Johann Sebastian Bach composed his short, comic “Coffee Cantata” in 1735. Likely first premiered in a Leipzig coffee house, it depicts a scene in which a father berates his daughter for drinking the intoxicating beverage. Here is the text in English translation, with a video with English subtitles below:

Recitative Narrator
Be quiet, stop chattering, and pay attention to what’s taking place: here comes Herr Schlendrian with his daughter Lieschen; he’s growling like a honey bear. Hear for yourselves, what she has done to him!

Aria – Schlendrian
Don’t one’s children cause one endless trials & tribulations! What I say each day to my daughter Lieschen falls on stony ground.

Recitative – Schlendrian
You wicked child, you disobedient girl! When will I get my way; give up coffee!

Lieschen
Father, don’t be so severe! If I can’t drink my bowl of coffee three times daily, then in my torment I will shrivel up like a piece of roast goat.

Aria – Lieschen
Mmm! How sweet the coffee tastes, more delicious than a thousand kisses, mellower than muscatel wine. Coffee, coffee I must have, and if someone wishes to give me a treat, ah, then pour me out some coffee!

Recitative – Schlendrian
If you don’t give up drinking coffee then you shan’t go to any wedding feast, nor go out walking. Oh! When will I get my way; give up coffee!

Lieschen
Oh well! Just leave me my coffee!

Schlendrian
Now I’ve got the little minx! I won’t get you a whalebone skirt in the latest fashion.

Lieschen
I can easily live with that.

Schlendrian
You’re not to stand at the window and watch people pass by!

Lieschen
That as well, only I beg of you, leave me my coffee!

Schlendrian
Furthermore, you shan’t be getting any silver or gold ribbon for your bonnet from me!

Lieschen
Yes, yes! Only leave me to my pleasure!

Schlendrian
You disobedient Lieschen you, so you go along with it all!

Aria – Schlendrian
Hard-hearted girls are not so easily won over. Yet if one finds their weak spot, ah! Then one comes away successful.

Recitative – Schlendrian
Now take heed what your father says!

Lieschen
In everything but the coffee.

Schlendrian
Well then, you’ll have to resign yourself to never taking a husband.

Lieschen
Oh yes! Father, a husband!

Schlendrian
I swear it won’t happen.

Lieschen
Until I can forgo coffee? From now on, coffee, remain forever untouched! Father, listen, I won’t drink any.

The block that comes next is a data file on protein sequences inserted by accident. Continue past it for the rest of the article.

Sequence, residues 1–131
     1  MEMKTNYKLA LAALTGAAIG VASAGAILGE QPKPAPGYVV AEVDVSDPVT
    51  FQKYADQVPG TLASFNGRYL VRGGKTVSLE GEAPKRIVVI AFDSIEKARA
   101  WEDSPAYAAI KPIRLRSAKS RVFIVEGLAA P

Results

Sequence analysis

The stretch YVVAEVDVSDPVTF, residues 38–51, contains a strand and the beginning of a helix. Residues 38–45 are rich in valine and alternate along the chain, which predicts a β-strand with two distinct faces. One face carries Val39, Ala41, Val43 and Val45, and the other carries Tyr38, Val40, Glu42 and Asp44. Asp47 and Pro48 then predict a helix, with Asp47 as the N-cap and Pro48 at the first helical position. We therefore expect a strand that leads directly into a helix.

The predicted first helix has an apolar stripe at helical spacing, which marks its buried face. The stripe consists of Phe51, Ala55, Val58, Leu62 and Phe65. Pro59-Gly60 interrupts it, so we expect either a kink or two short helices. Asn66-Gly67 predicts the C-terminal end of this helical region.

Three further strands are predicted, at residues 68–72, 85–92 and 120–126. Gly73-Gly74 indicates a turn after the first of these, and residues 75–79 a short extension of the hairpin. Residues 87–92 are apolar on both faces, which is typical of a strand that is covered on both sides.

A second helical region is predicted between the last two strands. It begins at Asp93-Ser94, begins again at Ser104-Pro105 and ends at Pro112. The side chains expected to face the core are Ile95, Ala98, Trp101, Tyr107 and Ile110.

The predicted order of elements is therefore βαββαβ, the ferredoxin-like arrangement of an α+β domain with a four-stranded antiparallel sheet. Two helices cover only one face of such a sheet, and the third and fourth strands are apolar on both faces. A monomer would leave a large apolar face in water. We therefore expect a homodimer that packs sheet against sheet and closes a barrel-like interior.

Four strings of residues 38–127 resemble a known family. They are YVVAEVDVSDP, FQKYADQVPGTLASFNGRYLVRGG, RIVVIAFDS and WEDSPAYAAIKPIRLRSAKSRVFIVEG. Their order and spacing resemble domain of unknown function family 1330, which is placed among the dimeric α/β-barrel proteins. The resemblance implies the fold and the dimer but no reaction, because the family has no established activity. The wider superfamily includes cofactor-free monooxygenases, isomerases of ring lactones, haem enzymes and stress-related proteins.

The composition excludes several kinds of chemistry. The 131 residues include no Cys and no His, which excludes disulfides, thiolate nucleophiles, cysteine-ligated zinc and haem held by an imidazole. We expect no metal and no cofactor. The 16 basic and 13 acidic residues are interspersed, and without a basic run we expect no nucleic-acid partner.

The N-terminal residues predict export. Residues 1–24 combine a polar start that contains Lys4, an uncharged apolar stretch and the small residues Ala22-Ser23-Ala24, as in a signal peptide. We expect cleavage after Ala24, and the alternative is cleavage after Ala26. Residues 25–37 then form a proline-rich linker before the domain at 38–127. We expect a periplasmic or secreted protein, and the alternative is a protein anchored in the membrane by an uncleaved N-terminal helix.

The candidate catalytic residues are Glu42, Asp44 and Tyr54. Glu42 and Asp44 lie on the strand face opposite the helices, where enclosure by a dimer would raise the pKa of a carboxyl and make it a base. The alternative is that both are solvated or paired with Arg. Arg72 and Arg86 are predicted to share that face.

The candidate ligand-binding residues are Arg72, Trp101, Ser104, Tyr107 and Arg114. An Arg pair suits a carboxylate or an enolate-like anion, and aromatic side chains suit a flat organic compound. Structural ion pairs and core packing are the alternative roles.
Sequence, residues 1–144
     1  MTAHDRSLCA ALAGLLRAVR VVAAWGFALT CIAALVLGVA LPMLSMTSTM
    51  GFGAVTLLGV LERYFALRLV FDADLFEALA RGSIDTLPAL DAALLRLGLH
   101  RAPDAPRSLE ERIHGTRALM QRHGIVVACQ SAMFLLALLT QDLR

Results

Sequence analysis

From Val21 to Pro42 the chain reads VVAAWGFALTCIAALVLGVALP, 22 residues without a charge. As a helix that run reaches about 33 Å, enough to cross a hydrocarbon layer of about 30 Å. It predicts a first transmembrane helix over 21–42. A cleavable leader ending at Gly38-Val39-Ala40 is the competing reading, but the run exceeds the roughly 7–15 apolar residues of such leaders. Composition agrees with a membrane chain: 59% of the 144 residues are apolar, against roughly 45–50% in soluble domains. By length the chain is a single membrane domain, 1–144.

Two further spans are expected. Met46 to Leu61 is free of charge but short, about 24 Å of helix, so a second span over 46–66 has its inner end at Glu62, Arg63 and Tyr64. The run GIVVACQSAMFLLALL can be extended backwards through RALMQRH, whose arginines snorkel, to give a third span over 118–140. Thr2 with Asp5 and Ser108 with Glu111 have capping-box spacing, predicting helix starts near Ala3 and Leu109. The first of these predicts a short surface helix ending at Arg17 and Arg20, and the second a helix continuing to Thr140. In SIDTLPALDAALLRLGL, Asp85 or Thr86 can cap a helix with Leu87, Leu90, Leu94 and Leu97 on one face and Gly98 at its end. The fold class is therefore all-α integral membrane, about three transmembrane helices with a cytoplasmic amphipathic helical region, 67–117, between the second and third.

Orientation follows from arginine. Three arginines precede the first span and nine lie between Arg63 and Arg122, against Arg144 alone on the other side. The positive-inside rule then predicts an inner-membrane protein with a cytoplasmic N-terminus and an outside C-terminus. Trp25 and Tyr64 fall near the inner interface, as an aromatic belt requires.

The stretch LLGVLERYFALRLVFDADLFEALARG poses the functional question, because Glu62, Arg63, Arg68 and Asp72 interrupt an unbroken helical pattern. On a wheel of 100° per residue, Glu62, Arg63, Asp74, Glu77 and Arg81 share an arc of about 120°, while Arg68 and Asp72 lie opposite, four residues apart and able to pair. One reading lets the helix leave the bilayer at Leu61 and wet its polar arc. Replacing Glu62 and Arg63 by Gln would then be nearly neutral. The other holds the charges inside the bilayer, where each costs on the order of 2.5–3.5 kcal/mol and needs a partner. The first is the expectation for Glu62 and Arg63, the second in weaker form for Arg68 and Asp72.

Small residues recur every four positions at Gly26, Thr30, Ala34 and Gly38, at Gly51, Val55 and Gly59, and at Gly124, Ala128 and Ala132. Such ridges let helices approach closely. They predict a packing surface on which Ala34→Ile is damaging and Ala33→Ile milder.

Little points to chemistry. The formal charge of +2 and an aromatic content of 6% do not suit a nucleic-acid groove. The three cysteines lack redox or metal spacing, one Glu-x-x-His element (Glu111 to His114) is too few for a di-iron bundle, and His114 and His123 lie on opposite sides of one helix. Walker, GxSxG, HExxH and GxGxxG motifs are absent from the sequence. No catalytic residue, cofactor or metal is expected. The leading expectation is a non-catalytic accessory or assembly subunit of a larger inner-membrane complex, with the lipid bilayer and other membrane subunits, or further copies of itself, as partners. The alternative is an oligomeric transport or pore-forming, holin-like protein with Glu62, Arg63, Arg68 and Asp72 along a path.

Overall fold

Schlendrian
Then you shall have a husband at last!

Aria – Lieschen
Today even dear father, see to it! Oh, a husband! Really, that suits me splendidly! If it could only happen soon that at last, before I go to bed, instead of coffee I were to get a proper lover!

Recitative – Narrator
Old Schlendrian goes off to see if he can find a husband forthwith for his daughter Lieschen; but Leischen secretly lets it be known: no suitor is to come to my house unless he promises me, and it is also written into the marriage contract, that I will be permitted to make myself coffee whenever I want.

Trio
A cat won’t stop from catching mice, and maidens remain faithful to their coffee. The mother holds her coffee dear, the grandmother drank it also, who can thus rebuke the daughters!

The Imaginative Conservative applies the principle of appreciation to the discussion of culture and politics—we approach dialogue with magnanimity rather than with mere civility. Will you help us remain a refreshing oasis in the increasingly contentious arena of modern discourse? Please consider donating now

We hope you will join us in The Imaginative Conservative community. The Imaginative Conservative is an online journal for those who seek the True, the Good and the Beautiful. We address culture, liberal learning, politics, political economy, literature, the arts, and the American Republic in the tradition of Russell Kirk, T.S. Eliot, Edmund Burke, Irving Babbitt, Wilhelm Roepke, Robert Nisbet, Richard Weaver, M.E. Bradford, Eric Voegelin, Christopher Dawson, Paul Elmer More, and other leaders of Imaginative Conservatism. Some conservatives may look at the state of Western culture and the American Republic and see a huge dark cloud which seems ready to unleash a storm that may well wash away what we most treasure of our inherited ways. Others focus on the silver lining which may be found in the next generation of traditional conservatives who have been inspired by Dr. Kirk and his like. We hope that The Imaginative Conservative answers T.S. Eliot’s call to “redeem the time, redeem the dream.” The Imaginative Conservative offers to our families, our communities, and the Republic, a conservatism of hope, grace, charity, gratitude, and prayer.

The featured image “Woman Drinking Coffee,”by Nicolas Henri Joseph de Fassin (1728-1811), and is in the public domain, courtesy of Wikimedia Commons.

All comments are moderated and must be civil, concise, and constructive to the conversation. Comments that are critical of an essay may be approved, but comments containing ad hominem criticism of the author will not be published. Also, comments containing web links or block quotations are unlikely to be approved. Keep in mind that essays represent the opinions of the authors and do not necessarily reflect the views of The Imaginative Conservative or its editor or publisher.

Leave a Comment
Print Friendly, PDF & Email